Two Cuban doctors, allegedly being flown home under guard after they tried to defect in Zimbabwe, managed to thwart their captors Friday when they slipped a note pleading for help to an Air France official at the Johannesburg airport.

"KIDNAPPEDS," said an underlined word in the margin of the three-page, handwritten note.

In a scenario worthy of a Cold War spy novel, the doctors wrote they were being flown to Cuba under guard after being abducted by armed Zimbabwean police working with Cuban diplomats. "We are traveling, kidnapped, to Cuba," said the note, written in passable English and handed to the airline official while the group was in transit in South Africa. "We are closed to departure to Paris, where we try to do something. Please. We are very concern about our lifes and the well being of our family in Cuba."

Air France refused to allow the two doctors and accompanying security guards, whose nationality was not clear from the note, to board its flight from Johannesburg to Paris, and South African authorities sent the group back to Harare, the Zimbabwean capital. The doctors, members of a Cuban aid mission to Zimbabwe, have not been seen since.

The two physicians, Leonel Cordova Rodriguez, 31, and Noris Pena Martinez, 25, disappeared nine days after they publicly denounced Cuba's Communist government and sought asylum at the Canadian embassy in Zimbabwe.

The office of the U.N. High Commissioner for Refugees, which had scheduled a meeting with the two in Harare on the day of their disappearance, sent a letter to the Zimbabwean government Monday insisting that they be produced. Kris Janowski, spokesman at UNHCR headquarters in Geneva, said yesterday that no response had been received.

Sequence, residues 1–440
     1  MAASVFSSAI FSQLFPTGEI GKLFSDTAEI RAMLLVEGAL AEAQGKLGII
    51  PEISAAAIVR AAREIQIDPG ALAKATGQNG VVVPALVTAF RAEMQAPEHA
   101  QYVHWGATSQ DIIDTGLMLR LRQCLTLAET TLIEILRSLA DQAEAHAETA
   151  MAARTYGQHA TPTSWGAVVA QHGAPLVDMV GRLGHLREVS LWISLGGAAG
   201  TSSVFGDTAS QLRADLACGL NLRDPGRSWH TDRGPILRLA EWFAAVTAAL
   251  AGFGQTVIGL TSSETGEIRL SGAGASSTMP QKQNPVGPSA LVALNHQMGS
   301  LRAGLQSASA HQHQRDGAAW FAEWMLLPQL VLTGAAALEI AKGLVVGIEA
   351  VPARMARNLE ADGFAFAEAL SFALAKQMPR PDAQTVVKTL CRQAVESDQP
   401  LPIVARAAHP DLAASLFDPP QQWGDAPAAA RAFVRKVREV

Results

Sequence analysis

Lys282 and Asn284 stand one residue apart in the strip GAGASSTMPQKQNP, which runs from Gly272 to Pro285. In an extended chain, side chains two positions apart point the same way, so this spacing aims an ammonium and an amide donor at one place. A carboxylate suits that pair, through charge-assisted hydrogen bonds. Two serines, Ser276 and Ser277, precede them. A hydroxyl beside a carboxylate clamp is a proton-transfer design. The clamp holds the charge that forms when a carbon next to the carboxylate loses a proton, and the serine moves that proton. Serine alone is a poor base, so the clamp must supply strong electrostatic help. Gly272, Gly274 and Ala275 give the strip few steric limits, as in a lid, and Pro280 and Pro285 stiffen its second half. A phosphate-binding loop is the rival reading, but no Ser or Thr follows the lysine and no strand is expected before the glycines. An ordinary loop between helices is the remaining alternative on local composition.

Western diplomats in Harare said they believe the doctors were being held in Harare Central Prison. Both the diplomats and Janowski confirmed the basic outline of the alleged kidnapping, which was reported in the Miami Herald yesterday. "Something happened there," Janowski said. "They did try to take them somewhere. . . . It's very difficult to get it straight at this stage, [but] something was afoot."

George Charamba, spokesman for Zimbabwean President Robert Mugabe, did not return telephone calls seeking comment on the allegations. A spokesman for the Cuban Interests Section in Washington said it had no information on the matter.

The kidnapping allegations appear to tarnish Cuba's reputation just as it has been enjoying an international public opinion bonanza from the Elian Gonzalez case in the United States, and as pressure has been growing in Congress for at least a partial lifting of the U.S. trade embargo on the island nation.

The reported incident also seems to cast a shadow over Cuba's highly praised program of "doctor diplomacy," in which thousands of Cuban physicians are sent to deliver free health care to poor countries.

Cuba's health care system is widely cited as one of President Fidel Castro's foremost domestic accomplishments. All medical care on the island is free; indicators such as infant mortality and life expectancy are nearly on a par with those in the developed world and are far better than in most of the rest of Latin America. Its ratio of 53 physicians for every 100,000 people is nearly double that of the United States, according to the Pan American Health Organization.

So much emphasis has been placed on medical training that the island has an overabundance of training facilities and physicians. As a result, the government invites medical students from throughout Latin America and the Third World to study medicine there. At the Ibero-American summit in Havana last November, Castro inaugurated an 8,000-student Latin American School of Medicine and invited Latin and Caribbean governments to send students free. He promised that they would not "be taught politics, as is the case with Cuban students in our universities," and that government transportation would take them to their church of choice each week.